Laryssa Lynch Staff Writer

Contact Laryssa Lynch at laryssalynch15@my.whitworth.edu.

Movie screening to benefit peace, justice group

Having world peace is something that everyone desires. Luckily for the people of Spokane, there is an organization that works toward attaining that goal.The Peace and Justice Action League of Spokane is an independent group based in Spokane, with a mission to promote a just and non-violent world. PJALS was founded at Gonzaga University 37 years ago as a peace and justice center after the Vietnam War. In the early 1980s, they merged with a community-based group to become what they are today, the Peace and Justice Action League of Spokane.

“We place an emphasis on peace and justice in the world and our local community,” said Liz Moore, director of the organization.

Shar Lichty, organizer of PJALS, coordinates the events of the organization.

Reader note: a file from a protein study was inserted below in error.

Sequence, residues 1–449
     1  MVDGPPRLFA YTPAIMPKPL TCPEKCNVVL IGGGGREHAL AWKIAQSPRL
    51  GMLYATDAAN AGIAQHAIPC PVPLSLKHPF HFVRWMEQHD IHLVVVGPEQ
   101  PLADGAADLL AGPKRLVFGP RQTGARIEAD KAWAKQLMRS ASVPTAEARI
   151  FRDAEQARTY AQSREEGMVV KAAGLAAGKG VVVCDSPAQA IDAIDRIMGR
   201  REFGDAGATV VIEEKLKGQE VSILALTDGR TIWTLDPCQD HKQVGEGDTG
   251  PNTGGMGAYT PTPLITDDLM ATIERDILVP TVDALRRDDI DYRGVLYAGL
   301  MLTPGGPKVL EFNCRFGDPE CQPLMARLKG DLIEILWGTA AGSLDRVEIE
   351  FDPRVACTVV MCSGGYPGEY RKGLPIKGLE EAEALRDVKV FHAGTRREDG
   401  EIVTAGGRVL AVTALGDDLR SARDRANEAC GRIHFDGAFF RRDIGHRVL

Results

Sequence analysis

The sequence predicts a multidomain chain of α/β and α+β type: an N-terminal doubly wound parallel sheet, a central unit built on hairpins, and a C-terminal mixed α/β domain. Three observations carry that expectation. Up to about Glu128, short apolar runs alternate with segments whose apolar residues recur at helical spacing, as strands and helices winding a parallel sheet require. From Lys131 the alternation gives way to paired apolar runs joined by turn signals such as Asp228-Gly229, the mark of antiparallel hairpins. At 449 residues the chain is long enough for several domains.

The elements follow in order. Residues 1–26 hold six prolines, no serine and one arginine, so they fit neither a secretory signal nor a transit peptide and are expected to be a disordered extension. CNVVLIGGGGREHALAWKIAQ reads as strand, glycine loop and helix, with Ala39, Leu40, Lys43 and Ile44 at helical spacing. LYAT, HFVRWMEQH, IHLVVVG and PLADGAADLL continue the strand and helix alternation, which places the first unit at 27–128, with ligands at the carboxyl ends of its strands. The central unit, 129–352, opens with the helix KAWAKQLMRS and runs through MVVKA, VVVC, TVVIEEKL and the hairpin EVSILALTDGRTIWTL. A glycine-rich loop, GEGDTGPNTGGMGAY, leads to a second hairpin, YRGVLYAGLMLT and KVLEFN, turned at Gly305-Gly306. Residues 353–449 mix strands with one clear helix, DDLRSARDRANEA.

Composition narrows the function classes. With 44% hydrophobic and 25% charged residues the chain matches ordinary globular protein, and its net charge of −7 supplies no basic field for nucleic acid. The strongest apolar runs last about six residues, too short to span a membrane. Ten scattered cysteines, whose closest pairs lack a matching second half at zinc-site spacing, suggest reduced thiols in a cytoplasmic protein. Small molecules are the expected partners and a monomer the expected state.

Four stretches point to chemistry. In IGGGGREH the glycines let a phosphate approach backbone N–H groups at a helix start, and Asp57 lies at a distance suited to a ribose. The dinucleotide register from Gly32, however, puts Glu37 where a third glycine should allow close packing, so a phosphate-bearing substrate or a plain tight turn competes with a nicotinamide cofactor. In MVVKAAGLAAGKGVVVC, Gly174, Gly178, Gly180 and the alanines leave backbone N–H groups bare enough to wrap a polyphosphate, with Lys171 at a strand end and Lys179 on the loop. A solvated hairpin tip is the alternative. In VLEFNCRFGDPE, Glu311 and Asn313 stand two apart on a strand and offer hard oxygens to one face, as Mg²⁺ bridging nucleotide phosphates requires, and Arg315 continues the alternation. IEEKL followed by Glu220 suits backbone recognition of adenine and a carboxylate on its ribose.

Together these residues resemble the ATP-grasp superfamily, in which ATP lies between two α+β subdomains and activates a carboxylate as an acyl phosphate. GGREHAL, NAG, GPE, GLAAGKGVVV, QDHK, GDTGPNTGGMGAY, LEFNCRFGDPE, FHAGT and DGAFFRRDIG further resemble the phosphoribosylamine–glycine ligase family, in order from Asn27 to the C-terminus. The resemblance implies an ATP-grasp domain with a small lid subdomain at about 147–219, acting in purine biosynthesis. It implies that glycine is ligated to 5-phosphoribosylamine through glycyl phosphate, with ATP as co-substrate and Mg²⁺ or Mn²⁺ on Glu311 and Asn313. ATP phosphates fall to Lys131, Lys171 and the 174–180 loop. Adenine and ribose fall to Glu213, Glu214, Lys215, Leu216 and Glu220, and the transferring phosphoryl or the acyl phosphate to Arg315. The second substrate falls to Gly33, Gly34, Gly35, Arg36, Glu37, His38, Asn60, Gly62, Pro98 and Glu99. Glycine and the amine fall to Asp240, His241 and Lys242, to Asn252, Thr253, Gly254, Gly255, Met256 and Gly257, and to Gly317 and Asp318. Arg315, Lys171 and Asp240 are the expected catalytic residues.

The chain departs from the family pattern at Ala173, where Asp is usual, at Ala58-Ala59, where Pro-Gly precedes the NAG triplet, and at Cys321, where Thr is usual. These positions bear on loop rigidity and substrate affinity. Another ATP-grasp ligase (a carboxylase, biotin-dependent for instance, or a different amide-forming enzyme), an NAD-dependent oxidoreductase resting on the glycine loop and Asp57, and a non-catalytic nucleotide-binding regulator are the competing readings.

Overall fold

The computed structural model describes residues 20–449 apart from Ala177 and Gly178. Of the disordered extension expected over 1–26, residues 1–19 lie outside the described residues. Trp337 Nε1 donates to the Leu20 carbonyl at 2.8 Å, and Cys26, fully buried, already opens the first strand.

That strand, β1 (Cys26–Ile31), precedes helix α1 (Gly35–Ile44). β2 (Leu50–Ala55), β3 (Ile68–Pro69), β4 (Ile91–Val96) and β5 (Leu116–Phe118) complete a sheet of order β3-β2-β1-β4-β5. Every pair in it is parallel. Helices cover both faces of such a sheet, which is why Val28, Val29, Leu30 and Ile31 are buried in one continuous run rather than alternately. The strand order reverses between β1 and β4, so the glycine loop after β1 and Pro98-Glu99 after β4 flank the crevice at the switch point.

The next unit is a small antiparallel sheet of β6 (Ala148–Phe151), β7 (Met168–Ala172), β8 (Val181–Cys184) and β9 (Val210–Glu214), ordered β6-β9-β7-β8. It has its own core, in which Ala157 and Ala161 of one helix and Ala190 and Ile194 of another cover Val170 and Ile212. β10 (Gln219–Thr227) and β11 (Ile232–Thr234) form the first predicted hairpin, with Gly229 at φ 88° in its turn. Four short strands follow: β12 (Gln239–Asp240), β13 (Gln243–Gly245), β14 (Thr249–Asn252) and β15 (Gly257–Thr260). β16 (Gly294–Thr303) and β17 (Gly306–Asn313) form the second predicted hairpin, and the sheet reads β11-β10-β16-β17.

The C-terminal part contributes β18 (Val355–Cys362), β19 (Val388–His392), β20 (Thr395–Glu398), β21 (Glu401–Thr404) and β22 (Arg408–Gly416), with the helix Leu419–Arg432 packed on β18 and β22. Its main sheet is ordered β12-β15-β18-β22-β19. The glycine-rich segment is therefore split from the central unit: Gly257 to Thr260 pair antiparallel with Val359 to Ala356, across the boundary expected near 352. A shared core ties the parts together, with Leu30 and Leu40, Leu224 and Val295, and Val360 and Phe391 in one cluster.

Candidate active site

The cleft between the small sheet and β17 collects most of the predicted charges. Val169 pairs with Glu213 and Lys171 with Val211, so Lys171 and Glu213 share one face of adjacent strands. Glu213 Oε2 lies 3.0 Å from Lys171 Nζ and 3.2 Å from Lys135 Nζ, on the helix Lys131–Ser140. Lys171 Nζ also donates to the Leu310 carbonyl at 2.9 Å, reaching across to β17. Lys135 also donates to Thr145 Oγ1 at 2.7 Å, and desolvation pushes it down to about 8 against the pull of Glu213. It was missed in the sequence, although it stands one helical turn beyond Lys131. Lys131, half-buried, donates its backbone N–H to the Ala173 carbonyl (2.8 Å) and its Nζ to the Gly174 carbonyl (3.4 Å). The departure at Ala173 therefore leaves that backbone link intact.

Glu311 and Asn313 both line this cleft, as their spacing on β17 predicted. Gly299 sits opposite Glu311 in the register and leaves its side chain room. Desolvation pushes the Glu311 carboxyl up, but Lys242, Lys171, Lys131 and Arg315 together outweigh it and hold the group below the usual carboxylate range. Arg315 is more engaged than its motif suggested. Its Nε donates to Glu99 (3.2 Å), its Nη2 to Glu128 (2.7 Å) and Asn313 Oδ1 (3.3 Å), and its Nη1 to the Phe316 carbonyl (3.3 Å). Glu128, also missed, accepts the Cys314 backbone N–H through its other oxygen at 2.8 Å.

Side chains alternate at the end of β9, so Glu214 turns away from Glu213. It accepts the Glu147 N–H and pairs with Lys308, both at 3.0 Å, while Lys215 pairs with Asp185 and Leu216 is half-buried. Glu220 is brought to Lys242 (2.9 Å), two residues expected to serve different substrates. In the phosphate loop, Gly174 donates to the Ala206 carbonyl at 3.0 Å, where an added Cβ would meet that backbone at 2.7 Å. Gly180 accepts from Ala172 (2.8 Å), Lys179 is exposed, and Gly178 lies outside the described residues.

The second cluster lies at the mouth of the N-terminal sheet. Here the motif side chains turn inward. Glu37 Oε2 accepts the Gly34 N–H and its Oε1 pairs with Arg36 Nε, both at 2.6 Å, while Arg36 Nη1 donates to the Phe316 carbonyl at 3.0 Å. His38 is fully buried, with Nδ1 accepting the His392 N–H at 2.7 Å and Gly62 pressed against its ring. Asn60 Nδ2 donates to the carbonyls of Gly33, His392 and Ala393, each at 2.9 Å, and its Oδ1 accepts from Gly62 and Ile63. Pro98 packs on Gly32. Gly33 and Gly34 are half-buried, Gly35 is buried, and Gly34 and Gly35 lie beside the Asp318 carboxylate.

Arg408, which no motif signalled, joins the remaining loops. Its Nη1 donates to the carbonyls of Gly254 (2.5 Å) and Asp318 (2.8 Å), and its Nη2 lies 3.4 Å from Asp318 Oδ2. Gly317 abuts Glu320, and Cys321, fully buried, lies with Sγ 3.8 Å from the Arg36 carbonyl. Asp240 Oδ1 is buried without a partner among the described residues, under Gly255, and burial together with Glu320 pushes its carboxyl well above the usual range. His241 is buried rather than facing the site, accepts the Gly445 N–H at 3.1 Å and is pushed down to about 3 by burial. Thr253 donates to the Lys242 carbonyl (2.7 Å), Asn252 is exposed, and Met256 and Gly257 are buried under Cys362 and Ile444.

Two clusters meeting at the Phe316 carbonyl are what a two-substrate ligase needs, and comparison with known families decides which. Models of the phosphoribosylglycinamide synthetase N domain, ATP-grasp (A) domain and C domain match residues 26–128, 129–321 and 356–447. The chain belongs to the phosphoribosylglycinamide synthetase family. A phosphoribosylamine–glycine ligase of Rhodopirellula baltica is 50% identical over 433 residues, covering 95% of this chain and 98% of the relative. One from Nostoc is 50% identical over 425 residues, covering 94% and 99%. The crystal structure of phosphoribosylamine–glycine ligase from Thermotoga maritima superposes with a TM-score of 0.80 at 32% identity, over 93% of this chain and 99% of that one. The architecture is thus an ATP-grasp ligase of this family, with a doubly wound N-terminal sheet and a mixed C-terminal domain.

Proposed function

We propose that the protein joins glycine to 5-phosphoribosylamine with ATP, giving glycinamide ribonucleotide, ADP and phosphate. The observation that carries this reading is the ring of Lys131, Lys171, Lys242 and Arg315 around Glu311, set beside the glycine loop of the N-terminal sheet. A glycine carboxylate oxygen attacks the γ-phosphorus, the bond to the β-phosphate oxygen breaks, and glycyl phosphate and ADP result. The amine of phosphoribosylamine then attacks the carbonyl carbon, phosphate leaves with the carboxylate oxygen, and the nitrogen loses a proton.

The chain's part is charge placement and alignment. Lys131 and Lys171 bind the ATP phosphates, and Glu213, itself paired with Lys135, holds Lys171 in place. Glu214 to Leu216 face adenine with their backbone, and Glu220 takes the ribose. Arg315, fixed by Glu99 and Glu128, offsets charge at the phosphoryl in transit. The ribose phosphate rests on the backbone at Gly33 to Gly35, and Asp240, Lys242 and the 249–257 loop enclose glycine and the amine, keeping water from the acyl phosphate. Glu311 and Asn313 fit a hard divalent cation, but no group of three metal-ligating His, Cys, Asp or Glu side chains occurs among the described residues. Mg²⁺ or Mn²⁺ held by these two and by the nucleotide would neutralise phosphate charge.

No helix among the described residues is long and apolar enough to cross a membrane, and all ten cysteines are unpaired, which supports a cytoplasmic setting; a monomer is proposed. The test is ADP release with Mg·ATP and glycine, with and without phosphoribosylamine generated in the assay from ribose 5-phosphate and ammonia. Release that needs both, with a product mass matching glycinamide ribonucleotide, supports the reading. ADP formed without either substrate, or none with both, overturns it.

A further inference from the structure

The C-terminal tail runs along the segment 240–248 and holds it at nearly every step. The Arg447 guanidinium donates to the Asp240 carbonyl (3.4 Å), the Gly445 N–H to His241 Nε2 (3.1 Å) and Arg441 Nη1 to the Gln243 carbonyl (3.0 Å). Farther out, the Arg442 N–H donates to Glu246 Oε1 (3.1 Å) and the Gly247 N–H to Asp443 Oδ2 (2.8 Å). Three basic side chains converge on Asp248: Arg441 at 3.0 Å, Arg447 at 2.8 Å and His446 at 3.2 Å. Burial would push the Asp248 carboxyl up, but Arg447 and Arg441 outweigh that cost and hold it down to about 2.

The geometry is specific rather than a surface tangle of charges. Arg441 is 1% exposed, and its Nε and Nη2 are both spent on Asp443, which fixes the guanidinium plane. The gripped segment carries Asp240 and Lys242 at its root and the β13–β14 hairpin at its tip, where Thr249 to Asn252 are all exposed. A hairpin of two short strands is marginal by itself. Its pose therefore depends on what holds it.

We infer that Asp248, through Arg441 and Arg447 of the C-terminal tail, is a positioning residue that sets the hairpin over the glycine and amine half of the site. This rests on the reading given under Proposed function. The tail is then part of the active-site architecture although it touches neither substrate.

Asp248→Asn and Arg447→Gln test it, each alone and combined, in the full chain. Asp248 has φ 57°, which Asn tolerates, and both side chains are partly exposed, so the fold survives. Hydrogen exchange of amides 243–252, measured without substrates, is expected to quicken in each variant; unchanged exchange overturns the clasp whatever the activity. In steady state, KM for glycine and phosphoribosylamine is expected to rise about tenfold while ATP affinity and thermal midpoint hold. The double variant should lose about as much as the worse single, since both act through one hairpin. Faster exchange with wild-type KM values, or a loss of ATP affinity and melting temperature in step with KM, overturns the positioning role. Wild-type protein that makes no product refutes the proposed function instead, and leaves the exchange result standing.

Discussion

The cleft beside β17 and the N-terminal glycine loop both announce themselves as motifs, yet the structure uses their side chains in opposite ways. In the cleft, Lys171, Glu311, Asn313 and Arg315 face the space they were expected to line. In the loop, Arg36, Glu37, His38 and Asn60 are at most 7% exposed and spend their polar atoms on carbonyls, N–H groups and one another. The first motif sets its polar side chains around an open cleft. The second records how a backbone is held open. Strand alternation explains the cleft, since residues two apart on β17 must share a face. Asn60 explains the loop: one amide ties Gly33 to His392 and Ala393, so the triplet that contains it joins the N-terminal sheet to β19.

“I work on statewide campaigns for marriage equality, abolishing the death penalty, and economic justice issues around the state budget,” Lichty said.

One goal of PJALS is to have a safe and just alternative to the death penalty in Washington State. There are currently seven people on death row in the state.

“It is an unjust and immoral policy that is not applied fairly or consistently across the board,” Moore said.

As a fundraiser for PJALS, there will be a screening of the movie “5 Broken Cameras” on Thursday at the Magic Lantern Theatre. It will be hosted by the Palestine and Israel Human Rights Committee.

The movie was made by Palestinians Guy Davidi and Emad Burnat and was filmed in Israel and Palestine. The film follows the life of a Palestinian villager as Israeli settlements threaten his village. There are daily arrests and night raids and one camera after another is shot at and destroyed. Each camera tells a part of his story.

Donations received from the screening will be used for the Maia Project, which works to secure clean water for children in Gaza where the water system has been destroyed.

The movie will be shown at the Magic Lantern Theatre on W. Maine Ave. on Thursday, Sept. 20 at 7 p.m. Tickets are $7. Ashlynn Phillips Staff Writer